Back To Search Results Next
Spring Seeley, George  (American, 1880-1955)

This high-key platinum print by George Seeley provides an excellent comparison to the photogravure of the same image in Camera Work IX (1910). Side by side, they are surprisingly similar allowing a glimpse at the parity Stieglitz was able to achieve. Here we can see first hand how Stieglitz could comfortably claim about Camera Wok photogravures…"In many instances these "reproductions" can be considered actual prints, having been made by the original negatives and printed in the spirit of the original picture and retaining all its quality." (Camera Work XII)

Compare to:

A review in the February 25, 1910 issue of The British Journal of Photography discusses the ten photogravure plates by Seeley included with Camera Work 29, and singles out this spring study with female model at the critique’s conclusion: "Of the plates, the ten photogravures after photographs, by George H. Seeley, are remarkably rich examples of that idle sort of decorative toying with photography which “Camera Work" has always fostered. Mr. Seeley’s technical powers are very considerable. He is master enough to take great liberties with focussing, and does so with impunity; but the greatest enthusiast in art for art’s sake must admit that the subject-matter of Mr. Seeley’s work is trivial and tiresome. "Girl with Bowl” is well designed and of exquisite quality. “Autumn" introduces a tambourine and bulrushes, with an inexplicable pose of the model. “The White Screen" shows the lady out of doors, dappled with the shadow from a tree. This is a charming study in tones. Next follow two subjects introducing an artist’s palette—the first ridiculous and the next mystifying. Then comes a male nude of no attractions. “White Trees" and “Spring,” by their lightness and delicacy of tones, and the beauty of their suggestion, are, in our opinion, the best pictures of all. In the last two, the photographer’s title resources give out, and he contents himself with calling them No. 347 and No. 356. They do not suffer thereby. No. 356 is truly decorative, and shows us that Mr. Seeley has imbibed good ideas from the classics in painting." From: PhotoSeed Archive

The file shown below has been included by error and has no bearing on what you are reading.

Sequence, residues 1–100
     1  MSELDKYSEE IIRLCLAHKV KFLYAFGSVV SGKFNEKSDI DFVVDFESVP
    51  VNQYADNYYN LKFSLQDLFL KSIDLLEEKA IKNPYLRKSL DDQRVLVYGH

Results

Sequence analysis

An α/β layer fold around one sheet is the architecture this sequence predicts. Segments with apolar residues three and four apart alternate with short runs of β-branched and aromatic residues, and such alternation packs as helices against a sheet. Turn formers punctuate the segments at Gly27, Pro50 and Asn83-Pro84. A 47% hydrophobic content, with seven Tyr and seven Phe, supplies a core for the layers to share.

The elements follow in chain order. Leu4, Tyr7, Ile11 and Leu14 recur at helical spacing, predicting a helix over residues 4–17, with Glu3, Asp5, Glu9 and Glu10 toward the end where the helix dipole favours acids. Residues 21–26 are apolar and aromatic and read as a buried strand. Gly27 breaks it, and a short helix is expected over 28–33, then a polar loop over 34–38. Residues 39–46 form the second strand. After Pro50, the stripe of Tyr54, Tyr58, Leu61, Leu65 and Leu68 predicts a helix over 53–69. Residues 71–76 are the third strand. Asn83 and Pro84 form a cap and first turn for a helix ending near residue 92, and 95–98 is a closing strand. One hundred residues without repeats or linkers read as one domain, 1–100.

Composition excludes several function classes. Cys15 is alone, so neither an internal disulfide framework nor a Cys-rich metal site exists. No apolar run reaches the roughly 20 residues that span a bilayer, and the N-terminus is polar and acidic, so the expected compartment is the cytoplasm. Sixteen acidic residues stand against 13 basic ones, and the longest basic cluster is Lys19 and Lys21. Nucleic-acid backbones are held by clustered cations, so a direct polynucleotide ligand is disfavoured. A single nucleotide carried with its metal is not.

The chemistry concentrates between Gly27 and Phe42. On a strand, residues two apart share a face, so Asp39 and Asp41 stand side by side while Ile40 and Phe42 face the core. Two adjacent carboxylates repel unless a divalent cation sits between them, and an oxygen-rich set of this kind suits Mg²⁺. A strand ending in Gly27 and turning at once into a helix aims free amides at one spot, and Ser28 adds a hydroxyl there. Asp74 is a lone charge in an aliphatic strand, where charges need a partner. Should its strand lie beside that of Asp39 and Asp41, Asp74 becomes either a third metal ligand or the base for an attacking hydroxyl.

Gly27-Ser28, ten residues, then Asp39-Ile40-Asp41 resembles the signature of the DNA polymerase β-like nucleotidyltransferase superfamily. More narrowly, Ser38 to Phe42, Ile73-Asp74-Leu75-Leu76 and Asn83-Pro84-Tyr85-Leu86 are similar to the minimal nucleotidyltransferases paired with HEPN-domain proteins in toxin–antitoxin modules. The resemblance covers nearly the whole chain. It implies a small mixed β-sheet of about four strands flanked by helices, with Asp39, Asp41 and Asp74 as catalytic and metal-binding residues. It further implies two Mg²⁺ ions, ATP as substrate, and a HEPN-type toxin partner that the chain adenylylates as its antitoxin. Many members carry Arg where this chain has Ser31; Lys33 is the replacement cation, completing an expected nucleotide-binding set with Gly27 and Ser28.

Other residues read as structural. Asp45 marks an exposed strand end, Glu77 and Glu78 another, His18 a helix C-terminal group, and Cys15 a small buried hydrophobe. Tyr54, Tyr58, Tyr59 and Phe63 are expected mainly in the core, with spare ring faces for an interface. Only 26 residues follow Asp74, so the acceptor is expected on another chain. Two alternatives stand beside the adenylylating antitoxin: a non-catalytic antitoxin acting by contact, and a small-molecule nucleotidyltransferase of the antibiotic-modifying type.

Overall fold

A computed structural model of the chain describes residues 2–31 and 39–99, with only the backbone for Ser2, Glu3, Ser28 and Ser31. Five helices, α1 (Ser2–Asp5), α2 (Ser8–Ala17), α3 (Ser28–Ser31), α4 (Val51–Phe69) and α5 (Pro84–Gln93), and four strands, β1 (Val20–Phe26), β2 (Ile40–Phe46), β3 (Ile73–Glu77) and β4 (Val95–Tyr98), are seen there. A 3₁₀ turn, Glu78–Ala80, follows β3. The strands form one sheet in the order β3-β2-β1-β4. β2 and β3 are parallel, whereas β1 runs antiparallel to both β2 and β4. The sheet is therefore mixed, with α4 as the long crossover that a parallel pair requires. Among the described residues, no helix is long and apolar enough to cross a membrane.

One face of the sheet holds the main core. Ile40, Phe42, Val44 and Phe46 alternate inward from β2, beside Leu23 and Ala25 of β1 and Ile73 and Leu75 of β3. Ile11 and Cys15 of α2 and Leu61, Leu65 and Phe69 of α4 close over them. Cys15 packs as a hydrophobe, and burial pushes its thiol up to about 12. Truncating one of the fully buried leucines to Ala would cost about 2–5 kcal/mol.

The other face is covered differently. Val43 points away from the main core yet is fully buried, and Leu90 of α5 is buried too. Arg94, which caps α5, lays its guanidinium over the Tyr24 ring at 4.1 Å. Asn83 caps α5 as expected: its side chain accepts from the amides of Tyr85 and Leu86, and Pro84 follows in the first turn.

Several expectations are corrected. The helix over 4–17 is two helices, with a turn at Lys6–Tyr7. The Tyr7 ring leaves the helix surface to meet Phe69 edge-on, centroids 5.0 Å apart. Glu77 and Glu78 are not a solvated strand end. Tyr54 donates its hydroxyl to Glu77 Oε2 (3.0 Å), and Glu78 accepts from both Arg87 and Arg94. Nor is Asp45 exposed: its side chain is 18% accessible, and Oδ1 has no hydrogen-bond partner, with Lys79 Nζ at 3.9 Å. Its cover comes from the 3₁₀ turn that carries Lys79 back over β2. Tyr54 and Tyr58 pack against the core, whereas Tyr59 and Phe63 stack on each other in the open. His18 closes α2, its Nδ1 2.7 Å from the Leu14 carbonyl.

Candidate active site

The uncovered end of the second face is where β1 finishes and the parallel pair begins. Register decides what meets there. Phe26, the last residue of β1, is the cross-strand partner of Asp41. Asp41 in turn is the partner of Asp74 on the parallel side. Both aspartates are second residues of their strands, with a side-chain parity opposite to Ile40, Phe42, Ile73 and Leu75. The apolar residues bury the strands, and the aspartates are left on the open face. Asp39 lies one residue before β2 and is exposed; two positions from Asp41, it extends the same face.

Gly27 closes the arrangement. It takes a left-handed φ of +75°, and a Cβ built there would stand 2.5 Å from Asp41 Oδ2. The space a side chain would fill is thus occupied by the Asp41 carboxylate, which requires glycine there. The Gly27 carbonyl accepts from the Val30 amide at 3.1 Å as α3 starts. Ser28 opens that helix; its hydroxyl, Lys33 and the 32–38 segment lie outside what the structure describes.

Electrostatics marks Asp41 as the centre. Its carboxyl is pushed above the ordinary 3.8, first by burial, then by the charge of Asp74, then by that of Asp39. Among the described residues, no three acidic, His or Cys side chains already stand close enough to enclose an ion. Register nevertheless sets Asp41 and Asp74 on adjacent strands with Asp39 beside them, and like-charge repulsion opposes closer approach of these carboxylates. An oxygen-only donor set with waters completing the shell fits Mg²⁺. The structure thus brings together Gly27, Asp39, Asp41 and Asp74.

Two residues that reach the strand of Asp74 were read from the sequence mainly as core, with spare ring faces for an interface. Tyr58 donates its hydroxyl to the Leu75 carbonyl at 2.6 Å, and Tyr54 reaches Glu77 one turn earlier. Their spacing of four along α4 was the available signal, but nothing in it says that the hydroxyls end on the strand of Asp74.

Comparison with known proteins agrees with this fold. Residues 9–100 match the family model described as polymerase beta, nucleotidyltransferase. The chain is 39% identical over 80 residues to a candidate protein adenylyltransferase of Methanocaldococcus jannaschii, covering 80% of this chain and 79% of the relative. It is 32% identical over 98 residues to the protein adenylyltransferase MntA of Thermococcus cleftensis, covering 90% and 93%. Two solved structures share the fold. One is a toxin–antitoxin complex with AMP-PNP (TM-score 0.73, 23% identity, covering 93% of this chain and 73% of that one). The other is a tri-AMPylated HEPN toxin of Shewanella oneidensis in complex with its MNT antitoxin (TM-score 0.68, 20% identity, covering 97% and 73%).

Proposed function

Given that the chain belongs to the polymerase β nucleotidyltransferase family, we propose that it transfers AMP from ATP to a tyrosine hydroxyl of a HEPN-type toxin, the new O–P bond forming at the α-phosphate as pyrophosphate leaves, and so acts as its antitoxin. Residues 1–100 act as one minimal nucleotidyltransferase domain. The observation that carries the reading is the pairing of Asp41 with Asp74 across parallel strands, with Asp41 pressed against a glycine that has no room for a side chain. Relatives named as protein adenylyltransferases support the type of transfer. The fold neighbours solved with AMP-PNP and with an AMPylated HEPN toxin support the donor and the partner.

Stieglitz, Alfred Camera Work, 1906 An Announcement, Camera Work XII, 1905 (insert)